I never questioned our decisions regarding the loft. Many of our friends often remarked that out loft "felt" like a home, not just an investment property. We'd been married about four years when, while browsing old photo albums, we came across this pic;
We were dumbstruck to realize that not only was this the very first photo we'd ever taken together, but that our future home was over our left shoulders. Because of this, I've always clung to the silly belief that we were destined to live here. Hence, my attachment.
Within the walls of this space we've lived, loved, gained and lost. We've sighed and screamed. We laid the foundations of a huge life which we shared with friends and family and finally conceived a perfect son. In 2007 we had this shot taken after putting on a neighborhood festival just two blocks away;
All of the refinancing and digging into debt wasn't an issue before 2008. Our agreement was always that Maria would be the chief bread winner. She wanted to climb the corporate ladder. I wanted to pursue art, which to say the least, guarantees no reliable fiscal cushion. Handshakes were exchanged and agreements struck. Everything was going fine until 2008. CJ was born and almost immediately upon returning from maternity leave, Maria was laid off. The housing bubble had burst and Wall Street had effectively torpedoed the world economy.
Maria is an alpha female to the nth degree, so naturally she'd be fine. She set up a website, started freelance consulting and has been doing fine. Unfortunately, it seems that two freelancers are not even remotely up to handling the cost of maintaining a place as expensive as ours.
The bank is going to foreclose on us just after the new year. We're moving into a three bedroom town home apartment on the other side of the park.(at least we'll still be downtowners)



I more or less abandoned this blog a while back. Facebook is such an easy, cheap mistress. Marriage and fatherhood don't often allow one the level of thoughtful contemplation that I'd hoped to share here. Seriously, if you happen to enjoy the ability to complete a coherent thought, marriage and parenting are not for you.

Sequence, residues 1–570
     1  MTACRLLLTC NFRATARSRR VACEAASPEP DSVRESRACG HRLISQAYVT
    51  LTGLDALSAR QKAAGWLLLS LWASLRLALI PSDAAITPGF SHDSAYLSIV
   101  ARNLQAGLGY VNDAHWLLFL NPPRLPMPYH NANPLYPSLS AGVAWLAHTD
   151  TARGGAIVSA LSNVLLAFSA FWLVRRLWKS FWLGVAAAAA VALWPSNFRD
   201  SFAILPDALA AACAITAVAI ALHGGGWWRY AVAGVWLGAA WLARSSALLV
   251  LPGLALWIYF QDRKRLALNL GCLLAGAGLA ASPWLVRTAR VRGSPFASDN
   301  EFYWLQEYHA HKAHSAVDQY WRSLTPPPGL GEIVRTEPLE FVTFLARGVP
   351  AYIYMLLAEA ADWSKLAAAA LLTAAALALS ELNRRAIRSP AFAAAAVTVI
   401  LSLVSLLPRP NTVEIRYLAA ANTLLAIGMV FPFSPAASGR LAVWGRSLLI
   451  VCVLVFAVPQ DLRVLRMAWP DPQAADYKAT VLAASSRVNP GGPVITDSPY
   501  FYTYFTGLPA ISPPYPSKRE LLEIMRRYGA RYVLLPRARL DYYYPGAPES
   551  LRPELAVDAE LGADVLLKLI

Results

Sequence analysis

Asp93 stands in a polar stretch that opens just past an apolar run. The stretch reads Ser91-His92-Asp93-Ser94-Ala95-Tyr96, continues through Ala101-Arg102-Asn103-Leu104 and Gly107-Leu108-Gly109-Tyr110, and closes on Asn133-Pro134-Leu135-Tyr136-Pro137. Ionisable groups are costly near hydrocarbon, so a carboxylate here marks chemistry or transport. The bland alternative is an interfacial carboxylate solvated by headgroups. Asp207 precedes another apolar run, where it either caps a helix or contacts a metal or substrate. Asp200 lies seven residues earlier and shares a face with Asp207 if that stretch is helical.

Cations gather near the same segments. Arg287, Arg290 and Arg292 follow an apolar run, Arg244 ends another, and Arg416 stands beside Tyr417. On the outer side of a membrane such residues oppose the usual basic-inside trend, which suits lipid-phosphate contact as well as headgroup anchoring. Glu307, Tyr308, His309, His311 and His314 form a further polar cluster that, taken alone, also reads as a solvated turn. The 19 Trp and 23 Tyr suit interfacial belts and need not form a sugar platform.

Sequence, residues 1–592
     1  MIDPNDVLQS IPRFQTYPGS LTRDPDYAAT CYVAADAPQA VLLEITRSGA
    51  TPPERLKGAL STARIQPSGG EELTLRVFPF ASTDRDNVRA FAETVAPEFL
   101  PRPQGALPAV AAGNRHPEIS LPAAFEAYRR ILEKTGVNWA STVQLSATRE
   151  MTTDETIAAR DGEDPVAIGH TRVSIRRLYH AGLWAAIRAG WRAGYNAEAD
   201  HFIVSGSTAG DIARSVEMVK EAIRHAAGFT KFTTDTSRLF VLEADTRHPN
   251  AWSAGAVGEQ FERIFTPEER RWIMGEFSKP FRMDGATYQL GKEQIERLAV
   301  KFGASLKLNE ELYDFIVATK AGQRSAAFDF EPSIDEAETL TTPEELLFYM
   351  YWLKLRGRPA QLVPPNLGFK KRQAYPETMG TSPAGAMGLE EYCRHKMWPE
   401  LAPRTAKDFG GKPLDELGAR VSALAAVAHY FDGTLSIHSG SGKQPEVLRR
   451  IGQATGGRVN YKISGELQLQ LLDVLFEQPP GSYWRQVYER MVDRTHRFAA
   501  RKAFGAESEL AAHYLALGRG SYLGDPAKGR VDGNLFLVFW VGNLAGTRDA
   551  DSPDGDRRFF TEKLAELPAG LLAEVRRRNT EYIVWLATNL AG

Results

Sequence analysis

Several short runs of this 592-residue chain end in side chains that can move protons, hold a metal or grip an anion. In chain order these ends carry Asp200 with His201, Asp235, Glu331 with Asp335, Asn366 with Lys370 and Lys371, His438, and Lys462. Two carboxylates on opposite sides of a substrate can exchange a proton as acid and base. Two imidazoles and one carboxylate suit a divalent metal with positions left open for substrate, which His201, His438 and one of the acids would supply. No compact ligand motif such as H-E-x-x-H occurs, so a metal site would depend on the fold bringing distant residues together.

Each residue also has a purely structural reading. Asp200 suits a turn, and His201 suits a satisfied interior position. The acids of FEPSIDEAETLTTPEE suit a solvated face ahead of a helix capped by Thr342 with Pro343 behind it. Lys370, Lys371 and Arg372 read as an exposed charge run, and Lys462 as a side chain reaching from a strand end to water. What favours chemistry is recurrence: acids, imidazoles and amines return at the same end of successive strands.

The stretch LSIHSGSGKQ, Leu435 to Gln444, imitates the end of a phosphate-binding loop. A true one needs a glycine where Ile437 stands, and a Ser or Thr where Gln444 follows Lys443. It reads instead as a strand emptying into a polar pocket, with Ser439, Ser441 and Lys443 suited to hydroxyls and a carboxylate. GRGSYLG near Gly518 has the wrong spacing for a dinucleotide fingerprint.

That being said, owing to some very serious and rather looming upheaval regarding our lifestyle, along with the fact that I'm concerned about the number of empty Scotch bottles in the trash bin at the end of each week, I'm attempting to make an effort to modify my habits.
I've been reading a book called "The Power of Habit" by Charles Duhigg. Great read. Very intriguing. The idea is to identify the self destructive habit, identify the reward and exchange the destructive habit for a healthy one while still achieving the same reward. That's an admittedly simplistic summation, but basically correct.
Since my son was born and I found myself no longer free to nocturnally(sp?) socialize as much as I'd like, I found myself working late in the studio and sipping Scotch. Over the past few years, the habit has become too easy and now I've developed myself a bit of a problem. I wouldn't go so far as to declare that I'm an alcoholic, and frankly I'll never give up alcohol entirely, but I need to get back to the guy I used to be. Mr. Moderation. In my single days, I wasn't immune to the occasional bender, but generally speaking I was the guy who always knew to stop just before I'd gone too far.
I want to be that guy again, so I think that making a habit of writing in this blog again will be a useful and healthy tool. Let's see how it goes...